Named By : Thomas Henry Huxley - 1869
Diet : Herbivore
Size : Estimated 2.3 meters long
Type of Dinosaur : Euornithopod
Type Species : Hypsilophodon foxii (type)
Found in : England, Spain
When it Lived : Early Cretaceous, 130–125 million years ago
Hypsilophodon, /,hIpsI’lafoUdan/ (meaning “Hypsilophus–tooth”), is a neornithischian genus of dinosaurs from the Early Cretaceous Period of England. Although it was traditionally considered to be an early member in the Ornithopoda group, recent research has challenged this notion.
MWAK, Public domain, via Wikimedia Commons
In 1849, the first fossils of Hypsilophodon was discovered. The type species, Hypsilophodon foxii was then named. Numerous fossil discoveries were made in the Isle of Wight. This gives a good idea of the species’ build. It was a bipedal, small animal that ate an herbivorous or omnivorous diet. Hypsilophodon was a long-running runner who weighed in at around 20 kg (45 pounds). It reached 1.8m (5.9ft) in height. The pointed head was shaped like modern parrots and had a sharp beak that could bite down on plant material.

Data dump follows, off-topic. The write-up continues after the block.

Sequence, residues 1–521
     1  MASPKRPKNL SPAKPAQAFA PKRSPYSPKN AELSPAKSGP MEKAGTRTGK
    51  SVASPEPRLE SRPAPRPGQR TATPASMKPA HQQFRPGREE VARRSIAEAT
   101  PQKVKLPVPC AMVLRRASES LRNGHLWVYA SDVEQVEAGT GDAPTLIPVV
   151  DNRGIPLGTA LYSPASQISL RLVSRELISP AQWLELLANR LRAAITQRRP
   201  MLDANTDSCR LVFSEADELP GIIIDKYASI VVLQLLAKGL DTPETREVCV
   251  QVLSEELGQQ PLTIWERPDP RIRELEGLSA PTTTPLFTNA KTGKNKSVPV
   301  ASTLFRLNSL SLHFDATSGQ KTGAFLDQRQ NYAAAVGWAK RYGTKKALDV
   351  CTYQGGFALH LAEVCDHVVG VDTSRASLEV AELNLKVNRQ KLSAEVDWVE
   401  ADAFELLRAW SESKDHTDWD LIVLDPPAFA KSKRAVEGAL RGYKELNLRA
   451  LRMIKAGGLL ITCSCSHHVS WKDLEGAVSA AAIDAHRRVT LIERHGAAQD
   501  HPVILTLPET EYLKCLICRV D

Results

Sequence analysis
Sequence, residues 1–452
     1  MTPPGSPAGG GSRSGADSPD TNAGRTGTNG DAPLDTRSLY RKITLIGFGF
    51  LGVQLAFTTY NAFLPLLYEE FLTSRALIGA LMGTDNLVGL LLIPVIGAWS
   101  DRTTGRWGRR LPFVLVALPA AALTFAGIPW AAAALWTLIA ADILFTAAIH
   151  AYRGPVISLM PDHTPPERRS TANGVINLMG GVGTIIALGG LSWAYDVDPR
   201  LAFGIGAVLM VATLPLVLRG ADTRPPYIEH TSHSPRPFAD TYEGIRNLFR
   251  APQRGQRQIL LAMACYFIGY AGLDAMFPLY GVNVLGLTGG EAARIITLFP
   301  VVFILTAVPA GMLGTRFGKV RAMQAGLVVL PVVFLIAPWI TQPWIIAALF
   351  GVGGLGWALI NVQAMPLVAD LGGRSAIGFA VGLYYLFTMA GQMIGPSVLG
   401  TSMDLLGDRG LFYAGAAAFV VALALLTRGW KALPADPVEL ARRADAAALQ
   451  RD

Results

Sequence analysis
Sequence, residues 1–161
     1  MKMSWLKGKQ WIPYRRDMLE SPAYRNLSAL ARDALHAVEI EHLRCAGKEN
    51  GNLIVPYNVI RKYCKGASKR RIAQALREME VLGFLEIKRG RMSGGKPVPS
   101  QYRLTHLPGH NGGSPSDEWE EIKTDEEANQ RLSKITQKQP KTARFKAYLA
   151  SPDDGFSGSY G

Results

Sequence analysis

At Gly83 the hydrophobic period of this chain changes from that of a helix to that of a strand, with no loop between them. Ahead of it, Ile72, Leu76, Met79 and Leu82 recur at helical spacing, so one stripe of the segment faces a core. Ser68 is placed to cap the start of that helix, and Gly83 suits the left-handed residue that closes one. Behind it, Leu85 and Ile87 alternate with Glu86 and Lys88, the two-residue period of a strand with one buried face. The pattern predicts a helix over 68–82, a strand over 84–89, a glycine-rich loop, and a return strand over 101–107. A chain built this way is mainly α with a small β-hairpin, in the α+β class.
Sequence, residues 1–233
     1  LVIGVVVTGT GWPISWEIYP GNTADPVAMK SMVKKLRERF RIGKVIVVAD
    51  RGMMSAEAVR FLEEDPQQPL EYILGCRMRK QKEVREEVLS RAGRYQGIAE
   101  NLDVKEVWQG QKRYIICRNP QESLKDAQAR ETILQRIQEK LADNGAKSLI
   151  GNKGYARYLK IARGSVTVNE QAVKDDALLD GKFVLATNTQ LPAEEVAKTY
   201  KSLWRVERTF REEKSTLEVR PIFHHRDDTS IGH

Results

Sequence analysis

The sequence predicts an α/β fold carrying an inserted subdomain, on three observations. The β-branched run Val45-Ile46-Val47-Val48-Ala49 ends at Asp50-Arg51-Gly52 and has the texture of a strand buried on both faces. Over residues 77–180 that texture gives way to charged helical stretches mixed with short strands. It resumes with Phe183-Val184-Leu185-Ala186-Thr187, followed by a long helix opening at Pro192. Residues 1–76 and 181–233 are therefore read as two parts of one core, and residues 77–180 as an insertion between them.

Many myths have been created by older studies about Hypsilophodon. They claim it climbs trees and that it is armoured. It can also reach a length of 2.3m (7.5ft) outside of Wight. This has been proven incorrect by new research over the last decade.
Hypsilophodon, a small dinosaur, was not nearly as small as Compsognathus. Hypsilophodon’s maximum length is often stated at 2.3 metres. Galton’s 1974 study led to this extrapolation of a length of 2.28m based on BMNH R 167, a thighbone. In 2009 Galton determined that the femur belonged to Valdosaurus. He also downsized Hypsilophodon, resulting in a length of 1.8m. The largest specimen was NHM R5829, with a length of 202 millimetres. The average specimen is approximately 1.5 meters long. Hypsilophodon could have topped half a metre tall. Gregory S. Paul calculated a weight of 20 kg (44 lb), for a two-metre-long animal.
Hypsilophodon, like most small dinosaurs was bipedal. It ran on two feet. The entire body of Hypsilophodon was designed for running. Many anatomical features helped this such as a light, minimally skeleton, aerodynamic posture, short legs and stiff tail, immobilized by ossified tendon for balance, and a low weight, lightweight, aerodynamic skeleton. In 1974, Galton concluded that it was one of the best-adapted ornithischians to running. The Cretaceous period in which no non-avian dinosaurs walked on the earth saw Hypsilophodon have a few “primitive” features. There were four feet and five fingers on each side, with four each on the foot. Hypsilophodon’s fifth finger gained a special function. It could be used to grasp food items.